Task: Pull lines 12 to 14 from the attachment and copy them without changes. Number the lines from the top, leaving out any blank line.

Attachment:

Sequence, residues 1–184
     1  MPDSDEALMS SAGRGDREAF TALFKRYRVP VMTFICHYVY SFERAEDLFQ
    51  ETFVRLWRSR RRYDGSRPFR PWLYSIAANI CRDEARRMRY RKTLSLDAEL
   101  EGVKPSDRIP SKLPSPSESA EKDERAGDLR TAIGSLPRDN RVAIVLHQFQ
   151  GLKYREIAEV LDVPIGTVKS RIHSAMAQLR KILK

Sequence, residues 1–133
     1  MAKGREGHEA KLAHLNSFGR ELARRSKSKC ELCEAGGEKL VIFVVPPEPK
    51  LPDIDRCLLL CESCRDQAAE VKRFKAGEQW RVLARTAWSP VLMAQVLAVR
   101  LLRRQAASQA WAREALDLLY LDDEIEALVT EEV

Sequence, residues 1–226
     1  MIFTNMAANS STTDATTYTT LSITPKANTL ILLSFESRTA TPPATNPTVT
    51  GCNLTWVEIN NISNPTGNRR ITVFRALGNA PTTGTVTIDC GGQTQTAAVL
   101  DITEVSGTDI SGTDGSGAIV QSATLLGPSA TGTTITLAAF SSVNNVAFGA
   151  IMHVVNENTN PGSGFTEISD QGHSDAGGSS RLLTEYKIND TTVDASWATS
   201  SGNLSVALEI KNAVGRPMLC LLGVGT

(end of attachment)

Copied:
    51  GCNLTWVEIN NISNPTGNRR ITVFRALGNA PTTGTVTIDC GGQTQTAAVL
   101  DITEVSGTDI SGTDGSGAIV QSATLLGPSA TGTTITLAAF SSVNNVAFGA
   151  IMHVVNENTN PGSGFTEISD QGHSDAGGSS RLLTEYKIND TTVDASWATS